Campus Dylan Cour Oct 21, 2019 Uncategorized

Students take part in alternative breaks



For many students, fall break is an opportunity to go home and take time away from school. For others, however, it is a chance to give back to the community and get some volunteer experience. Alternative Breaks are ways for students to give back to the community either locally or nationally. The theme for this fall break was “Keeping it in the Mitten,” more specifically, Gratiot County.

Alternative Breaks initially came to fruition in 2003 where there was a single trip and about 20 students were involved. Today there are over 100 participants in the alternative break program each academic year. These breaks teach students about social issues impacting a region and allows them to experience the culture of a community in their specified location.

The breaks that took place this past fall break range from working in non-profit locations to working with the parks and recreation department of Gratiot County. Some students worked with the Wilcox Nonprofit Center, which took place in Alma.  Others worked with The Community Compassion Food Kitchen in Mt. Pleasant or Forest Hill Nature Area that is part of the Gratiot County parks system.

Some breaks were able to provide students with new information about the location they were helping. “Alternative Break at the Wilcox Center actually provided me with so much information about all the nonprofits located in the single building. It was definitely eye opening to hear how much goes on in the community and how many nonprofits there are dedicated to helping Gratiot County,” said Morgan Gust (’21).

On top of the direction from the school, students are in charge of creating the time frame and schedule. “As a site leader you have to pre plan the entire trip. You are in charge of connecting with the community planners, creating an itinerary, creating a budget and getting the students interested. If anyone has questions they come to you, and while you have a staff member, they are only around during the trip and are there to make sure you are following the rules of Alma College,” said Jessica Araway (’21).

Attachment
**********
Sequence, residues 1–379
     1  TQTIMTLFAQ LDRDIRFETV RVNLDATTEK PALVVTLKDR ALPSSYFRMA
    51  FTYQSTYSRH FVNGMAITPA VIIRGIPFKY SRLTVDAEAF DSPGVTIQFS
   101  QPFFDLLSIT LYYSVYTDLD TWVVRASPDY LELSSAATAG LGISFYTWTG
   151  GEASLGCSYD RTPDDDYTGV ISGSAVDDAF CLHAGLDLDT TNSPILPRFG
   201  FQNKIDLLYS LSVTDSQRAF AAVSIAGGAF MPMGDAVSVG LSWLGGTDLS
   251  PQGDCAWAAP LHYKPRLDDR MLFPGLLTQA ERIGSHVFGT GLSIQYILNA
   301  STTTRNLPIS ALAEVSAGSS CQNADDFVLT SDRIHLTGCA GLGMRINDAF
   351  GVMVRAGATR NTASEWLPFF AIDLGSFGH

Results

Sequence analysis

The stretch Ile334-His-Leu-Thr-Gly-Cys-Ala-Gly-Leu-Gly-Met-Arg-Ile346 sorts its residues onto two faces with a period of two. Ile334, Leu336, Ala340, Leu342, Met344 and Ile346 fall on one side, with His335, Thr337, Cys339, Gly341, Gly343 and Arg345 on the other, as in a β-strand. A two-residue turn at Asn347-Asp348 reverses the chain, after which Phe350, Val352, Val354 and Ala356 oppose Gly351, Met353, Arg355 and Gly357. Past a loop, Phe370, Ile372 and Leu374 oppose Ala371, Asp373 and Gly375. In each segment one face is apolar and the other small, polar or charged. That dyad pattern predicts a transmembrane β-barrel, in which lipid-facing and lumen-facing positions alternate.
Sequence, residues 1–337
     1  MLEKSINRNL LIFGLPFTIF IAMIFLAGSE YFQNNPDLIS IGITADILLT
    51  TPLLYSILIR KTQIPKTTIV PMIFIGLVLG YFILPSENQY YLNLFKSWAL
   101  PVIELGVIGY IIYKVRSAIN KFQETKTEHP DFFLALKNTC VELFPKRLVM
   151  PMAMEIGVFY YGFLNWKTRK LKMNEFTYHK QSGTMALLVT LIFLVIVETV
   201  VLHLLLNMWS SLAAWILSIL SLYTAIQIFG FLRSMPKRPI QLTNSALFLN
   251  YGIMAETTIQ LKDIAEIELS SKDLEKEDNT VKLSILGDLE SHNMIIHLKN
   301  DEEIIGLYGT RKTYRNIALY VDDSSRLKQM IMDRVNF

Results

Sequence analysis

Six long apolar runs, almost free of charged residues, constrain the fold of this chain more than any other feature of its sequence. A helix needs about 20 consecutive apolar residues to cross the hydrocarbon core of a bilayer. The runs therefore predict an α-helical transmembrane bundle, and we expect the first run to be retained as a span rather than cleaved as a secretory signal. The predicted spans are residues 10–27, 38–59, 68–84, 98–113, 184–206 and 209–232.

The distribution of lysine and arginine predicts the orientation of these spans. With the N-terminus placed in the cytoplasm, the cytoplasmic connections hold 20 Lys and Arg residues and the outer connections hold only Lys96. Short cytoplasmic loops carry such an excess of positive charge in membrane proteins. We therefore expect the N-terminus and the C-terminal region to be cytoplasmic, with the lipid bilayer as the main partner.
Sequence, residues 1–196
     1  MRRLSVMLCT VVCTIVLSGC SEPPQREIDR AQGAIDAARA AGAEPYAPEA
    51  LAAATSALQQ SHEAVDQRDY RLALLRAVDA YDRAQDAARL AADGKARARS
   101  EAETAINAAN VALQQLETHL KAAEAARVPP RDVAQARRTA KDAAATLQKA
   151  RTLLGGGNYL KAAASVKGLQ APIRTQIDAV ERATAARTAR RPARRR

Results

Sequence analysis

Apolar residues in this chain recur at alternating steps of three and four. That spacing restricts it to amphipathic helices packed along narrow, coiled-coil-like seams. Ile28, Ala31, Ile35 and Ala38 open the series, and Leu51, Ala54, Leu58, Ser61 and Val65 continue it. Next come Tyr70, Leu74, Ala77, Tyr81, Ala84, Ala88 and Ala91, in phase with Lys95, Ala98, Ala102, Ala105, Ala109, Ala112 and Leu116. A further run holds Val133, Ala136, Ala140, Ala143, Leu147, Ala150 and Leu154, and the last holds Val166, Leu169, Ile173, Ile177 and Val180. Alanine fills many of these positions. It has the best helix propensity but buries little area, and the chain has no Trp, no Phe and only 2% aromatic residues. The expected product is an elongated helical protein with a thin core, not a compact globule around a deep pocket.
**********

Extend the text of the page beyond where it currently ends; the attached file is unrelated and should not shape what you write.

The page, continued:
Not just anyone can be a site leader however. There is an application process all must go through who are interested in becoming site leaders. “In order to be a site leader, you have to go on an alternative break as a student and the site leader of that trip then recommends you to the other site leaders as a potential new site leader, and then you get invited to an informational meeting where you get to decide,” said Araway.

Students who have attended alternative breaks recommend that other students also utilize this program that has been created. “I would absolutely recommend alternative breaks to other students and I’m a big advocate for them in the Transition Assistance Program that I’m apart of here at Alma,” said Raquel Smith (’21). “It’s a great way to get to know more students as well as give back to our community or other communities as well.”

Many students use alternative breaks as a way to explore opportunities outside of their major and outside of the campus life. This break was not a part of my major, I took it because it gave me a sense of what the Alma Community is going through and gave me a different perspective from the Alma College bubble many of us live in,” said Marissa Quiroz (’21).

In addition to the 3 experiences offered during the fall break, alternative breaks will be run during winter break as well as spring break in the second semester. Exact details for those trips have yet to come out, but information can be found on the Alma College website or by going to the CSO and speaking with Carla Jensen, Assistant Director of Venture Program and Off-Campus Studies.

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